Jun
20

Kisshomaru Ueshiba, John Stevens, and Kodansha: “Shapers of the Image of Morihei Ueshiba O-Sensei,” by Stanley Pranin

An old saying attributed to Winston Churchill is, “History is written by the victors.” I think that most people would agree with the veracity of this observation. Certainly, those who control the flow of information in a particular context will indeed influence, and ultimately arbitrate, public opinion on a given topic.

Kisshomaru Ueshiba (1921-1999)

In the case of aikido and its founder, Morihei Ueshiba, I would say that this axiom certainly holds true. The main sources of information on Morihei Ueshiba in the English language are books written by his son, Kisshomaru Ueshiba, and American author John Stevens. Both have written a series of books dealing with Morihei and his writings that have been widely distributed in English and translated into several European languages.

A large percentage of these books have been published through the Kodansha Limited Company, Japan’s largest book publisher. Parenthetically, there is a historical relationship between Morihei Ueshiba and Seiji Noma, the founder of Kodansha. As Kodansha ceased its English publishing house in 2011, it is not known if other publishers will pick up the slack in producing books on Japanese martial arts including aikido.

John Stevens

Not surprisingly, the contents of Kisshomaru’s books on Morihei present a family viewpoint, and one that reflects the agenda of the Aikikai Hombu Dojo in Tokyo, aikido’s largest organization. Mr. Stevens’ biographical works on Morihei have have been directed towards a popular audience, and have portrayed the Founder in a flattering light as one of the greatest martial artists of all time. Stevens has also translated a number of other books such as Morihei’s 1938 manual Budo, and various spiritual writings attributed to O-Sensei.

I have noticed the impact of these publications over the years because these authors are quoted and misquoted with great frequency by legions of writers treating the topic of aikido and its founder. This tendency has been magnified exponentially by the Internet. The works of Kisshomaru and John Stevens have thus played a critical role in shaping the image of the founder that has entered into popular culture, and been embraced by a majority of aikido practitioners.

Peter Goldsbury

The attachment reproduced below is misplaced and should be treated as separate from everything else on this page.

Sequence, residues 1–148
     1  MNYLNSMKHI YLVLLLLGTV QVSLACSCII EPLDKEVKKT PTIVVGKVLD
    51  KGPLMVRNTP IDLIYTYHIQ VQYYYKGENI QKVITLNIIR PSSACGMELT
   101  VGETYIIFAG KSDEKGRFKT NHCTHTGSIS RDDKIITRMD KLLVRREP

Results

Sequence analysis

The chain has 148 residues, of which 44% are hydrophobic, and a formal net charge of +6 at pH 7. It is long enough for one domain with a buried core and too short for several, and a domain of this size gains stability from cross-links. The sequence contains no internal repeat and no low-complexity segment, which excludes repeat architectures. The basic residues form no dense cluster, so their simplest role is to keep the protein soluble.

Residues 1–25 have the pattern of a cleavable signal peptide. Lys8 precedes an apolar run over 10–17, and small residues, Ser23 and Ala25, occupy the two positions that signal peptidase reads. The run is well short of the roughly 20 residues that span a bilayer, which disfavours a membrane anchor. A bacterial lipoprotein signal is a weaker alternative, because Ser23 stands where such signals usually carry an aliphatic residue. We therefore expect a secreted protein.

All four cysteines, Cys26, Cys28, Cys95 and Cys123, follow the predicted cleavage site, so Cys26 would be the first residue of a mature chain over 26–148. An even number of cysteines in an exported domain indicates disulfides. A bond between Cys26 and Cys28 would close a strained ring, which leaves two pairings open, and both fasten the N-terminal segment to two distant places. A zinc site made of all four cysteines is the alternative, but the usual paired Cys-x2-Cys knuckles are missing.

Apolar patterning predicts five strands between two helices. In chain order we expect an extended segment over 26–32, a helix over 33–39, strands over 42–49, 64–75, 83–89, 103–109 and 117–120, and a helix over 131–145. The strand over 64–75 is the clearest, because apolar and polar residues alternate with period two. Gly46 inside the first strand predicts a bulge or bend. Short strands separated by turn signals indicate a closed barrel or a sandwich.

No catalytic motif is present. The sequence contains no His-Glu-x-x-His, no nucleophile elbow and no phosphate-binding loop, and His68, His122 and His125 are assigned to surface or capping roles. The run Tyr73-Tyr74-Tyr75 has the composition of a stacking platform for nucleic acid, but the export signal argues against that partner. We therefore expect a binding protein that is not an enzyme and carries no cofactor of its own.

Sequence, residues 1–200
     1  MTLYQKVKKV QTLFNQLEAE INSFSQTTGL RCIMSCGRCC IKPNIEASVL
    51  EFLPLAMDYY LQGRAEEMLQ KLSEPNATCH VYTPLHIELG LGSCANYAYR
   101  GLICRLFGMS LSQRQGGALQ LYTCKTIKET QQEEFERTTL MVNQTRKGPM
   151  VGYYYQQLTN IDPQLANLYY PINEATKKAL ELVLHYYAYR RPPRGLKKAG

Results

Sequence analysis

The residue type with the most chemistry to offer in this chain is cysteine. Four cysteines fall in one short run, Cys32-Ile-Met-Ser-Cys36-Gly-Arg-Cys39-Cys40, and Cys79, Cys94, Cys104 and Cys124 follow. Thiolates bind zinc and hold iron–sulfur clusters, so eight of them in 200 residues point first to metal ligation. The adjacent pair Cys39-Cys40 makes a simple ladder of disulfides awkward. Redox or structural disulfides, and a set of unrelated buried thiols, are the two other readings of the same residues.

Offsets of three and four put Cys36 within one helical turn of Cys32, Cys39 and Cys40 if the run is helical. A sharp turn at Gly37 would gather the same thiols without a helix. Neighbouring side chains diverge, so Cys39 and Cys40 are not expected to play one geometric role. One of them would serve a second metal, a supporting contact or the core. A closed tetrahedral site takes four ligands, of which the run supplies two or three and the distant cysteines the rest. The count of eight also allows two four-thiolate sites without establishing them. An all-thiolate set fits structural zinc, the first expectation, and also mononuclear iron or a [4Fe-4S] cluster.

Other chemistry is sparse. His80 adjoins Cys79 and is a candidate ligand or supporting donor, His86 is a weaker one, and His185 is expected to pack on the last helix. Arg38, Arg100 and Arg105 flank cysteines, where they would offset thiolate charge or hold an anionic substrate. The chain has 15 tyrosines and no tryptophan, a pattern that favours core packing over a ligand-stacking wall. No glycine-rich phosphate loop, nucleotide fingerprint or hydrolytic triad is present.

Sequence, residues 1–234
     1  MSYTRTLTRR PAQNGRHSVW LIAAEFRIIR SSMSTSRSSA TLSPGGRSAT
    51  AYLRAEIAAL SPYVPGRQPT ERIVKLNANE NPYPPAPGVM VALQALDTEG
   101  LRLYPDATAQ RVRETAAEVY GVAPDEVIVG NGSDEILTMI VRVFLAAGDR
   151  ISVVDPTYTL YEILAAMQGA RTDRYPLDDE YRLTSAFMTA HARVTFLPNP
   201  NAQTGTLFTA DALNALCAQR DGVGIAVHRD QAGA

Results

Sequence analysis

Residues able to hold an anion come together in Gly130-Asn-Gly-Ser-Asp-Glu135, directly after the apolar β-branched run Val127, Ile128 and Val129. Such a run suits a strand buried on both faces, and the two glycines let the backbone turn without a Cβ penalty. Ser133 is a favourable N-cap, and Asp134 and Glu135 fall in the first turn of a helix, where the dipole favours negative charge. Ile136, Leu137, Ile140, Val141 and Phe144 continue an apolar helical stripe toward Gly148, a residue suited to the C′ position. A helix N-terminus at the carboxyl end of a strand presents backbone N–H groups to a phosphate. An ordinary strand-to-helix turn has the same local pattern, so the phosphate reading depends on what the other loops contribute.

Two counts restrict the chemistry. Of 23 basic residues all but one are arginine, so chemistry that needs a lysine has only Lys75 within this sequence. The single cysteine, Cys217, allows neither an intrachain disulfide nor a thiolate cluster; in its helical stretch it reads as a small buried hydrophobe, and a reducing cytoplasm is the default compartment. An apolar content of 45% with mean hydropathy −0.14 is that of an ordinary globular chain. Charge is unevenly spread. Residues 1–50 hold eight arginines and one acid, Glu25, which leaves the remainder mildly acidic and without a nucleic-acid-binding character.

In recent years, authors such as Dr. Peter Goldsbury and Ellis Amdur have written books and articles offering alternative views that have garnered a certain amount of attention. Dr. Goldsbury, a university professor, has approached the subject by offering a social and historical context to better interpret the major events of Morihei’s life. Ellis Amdur–a colorful writer with a provocative style–has suggested various historical scenarios to explain some of the poorly understood areas of Morihei’s life and martial arts’ training. Both have made an effort to document their sources in contrast to Stevens’ writings which give little attention to this area.

Prof. Fumiaki Shishida

On the Japanese side, Prof. Fumiaki Shishida of Waseda University has produced a number of well-researched articles that discuss aspects of Morihei’s life and teaching in the prewar era. Prof. Shishida is a student of Kenji Tomiki, and also discusses the influence of Judo Founder Jigoro Kano and the theory of competition as applied to aikido, a viewpoint espoused by Tomiki. Since Prof. Shishida’s publications are mostly academic, they have not had as wide an impact as they deserve, even though a few articles have been translated into English.

The only other major source of information on Morihei Ueshiba and the history of aikido that I am aware of is the material that we have published for the last 38 or so years, first as “Aiki News,” and now as “Aikido Journal.” One of the best gages that I have encountered that suggest that Aikido Journal has had a significant impact in this field are the amount of references in aikido-related entries of Wikipedia that cite Aiki News/Aikido Journal publications, many of which I am the author.

Little by little thanks to the Internet, other viewpoints on aikido history are gaining attention, and some of the historical accounts that have long been accepted as gospel are now being questioned. Also, a number of glaring omissions that reflect the intent to avoid or gloss over certain delicate historical topics are being addressed. I firmly believe that the next generation of aikidoka will have access to more accurate and richer materials that will help them better understand the enigmatic figure of Morihei Ueshiba and the evolution of aikido. Tomorrow’s “victors” had better have an iron grip on the Internet else their formerly unchallenged prerogative of writing history will be snatched from their hands!

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